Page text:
Six Reasons Your Blood Glucose Levels Fluctuate
Your blood glucose level is constantly changing. It goes up and down in response to a whole range of factors such as when and what you’ve eaten, how much exercise you have done, if you are stressed, the weather and medications. Let’s take a closer look at some of these factors.
The type of food, quantity and the amount of carbohydrate in your meal will affect your blood glucose levels. It is a good idea to talk to a dietitian for individual advice but the general recommendations for preparing a healthy meal are to fill half your plate with non-starchy vegetables or salad, a quarter with a palm-sized serving of a lean protein (skinless chicken, fish, tempeh or eggs) and a quarter with a nutritious lower GI food such as wholegrain or legume pasta, Doongara™ rice, quinoa, soba or legumes. A great way to remember how to get the perfect plate every meal is to use a healthy eating meal plate.
Physical activity uses up glucose from the blood because your muscles use glucose for energy. Being less active than usual can mean the glucose stays in your blood, making blood glucose levels higher than normal. If it’s hard for you to get out to exercise you might find TheraBands a good alternative way of exercising at home. Easy-to-use, portable and low impact they are an effective alternative to free weights and weight machines. A TheraBand is perfect for using at home sitting in the comfort of your favourite chair, or on the floor of your living room.
Note: Physical activity can also lower your blood glucose levels for up to 48 hours. If you are on insulin or other glucose-lowering medications check your blood glucose levels before, during and after exercise to ensure they are not dropping too low. It is important to always keep hypo treatment with you.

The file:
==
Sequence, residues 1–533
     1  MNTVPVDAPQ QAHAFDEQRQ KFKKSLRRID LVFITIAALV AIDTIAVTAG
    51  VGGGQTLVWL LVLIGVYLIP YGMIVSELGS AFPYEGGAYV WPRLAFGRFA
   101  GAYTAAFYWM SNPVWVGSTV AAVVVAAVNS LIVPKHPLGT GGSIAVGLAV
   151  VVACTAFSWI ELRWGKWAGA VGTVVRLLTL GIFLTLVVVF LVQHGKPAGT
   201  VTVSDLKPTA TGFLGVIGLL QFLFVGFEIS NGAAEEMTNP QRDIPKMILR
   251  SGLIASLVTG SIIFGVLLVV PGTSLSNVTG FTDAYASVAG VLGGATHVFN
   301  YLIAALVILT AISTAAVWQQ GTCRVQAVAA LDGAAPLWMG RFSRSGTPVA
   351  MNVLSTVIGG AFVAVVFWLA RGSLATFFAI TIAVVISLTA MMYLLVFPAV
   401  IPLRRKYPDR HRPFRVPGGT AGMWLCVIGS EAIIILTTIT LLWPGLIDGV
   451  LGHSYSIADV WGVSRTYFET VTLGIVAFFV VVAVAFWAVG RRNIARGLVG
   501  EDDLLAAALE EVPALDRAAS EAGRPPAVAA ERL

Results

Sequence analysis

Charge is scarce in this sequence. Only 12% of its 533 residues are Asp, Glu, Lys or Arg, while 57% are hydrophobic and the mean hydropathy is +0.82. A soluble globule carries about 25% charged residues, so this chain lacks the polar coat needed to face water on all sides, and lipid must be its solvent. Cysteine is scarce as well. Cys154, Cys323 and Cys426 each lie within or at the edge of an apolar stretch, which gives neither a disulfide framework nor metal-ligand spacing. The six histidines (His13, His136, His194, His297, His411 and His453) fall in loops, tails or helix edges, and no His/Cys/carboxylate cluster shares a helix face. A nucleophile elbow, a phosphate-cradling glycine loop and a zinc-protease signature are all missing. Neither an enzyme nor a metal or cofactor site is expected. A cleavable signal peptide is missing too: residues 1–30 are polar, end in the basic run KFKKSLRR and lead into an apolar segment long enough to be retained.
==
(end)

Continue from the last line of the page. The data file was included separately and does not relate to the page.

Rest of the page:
Medications for diabetes, including tablets and insulin, are designed to lower glucose levels, so missing a dose or taking less than usual can result in higher blood glucose levels. Some other medications, such as steroids, make the body more insulin resistant and so raise glucose levels.
Illness or infection causes your body to produce extra hormones to help you heal. However, these hormones temporarily prevent insulin from working effectively and can make blood glucose levels higher than usual. Some illness such as vomiting and diarrhoea can cause blood glucose levels to drop. See your doctor if this happens as your blood glucose levels may become too low.
When you are stressed your body is on high alert and ready for action. Your heart beats faster, your breathing rate speeds up and extra glucose is pumped into your blood for energy.
Hot weather doesn’t directly affect your glucose levels but it does make you sweat more, making it easier to become dehydrated. Dehydration makes the blood thicker and the glucose concentration rise.
Regularly checking your blood glucose levels is a useful tool for helping you understand how different activities or situations impact your readings. For example, if you find your levels are high after breakfast you could consider changing your favourite breakfast cereal for something else such as a hardboiled egg to see if your blood glucose levels are less impacted.
In addition to regular monitoring, it is recommended that you have your HbA1c checked every three months. The HbA1c check is a way of looking at your average blood glucose level over a period of time. The test can be done by your GP or with a simple fingerprick test from the comfort of your own home.
For more information, or to find support, contact Diabetes NSW & ACT by calling 1300 342 238 or visiting diabetesnsw.com.au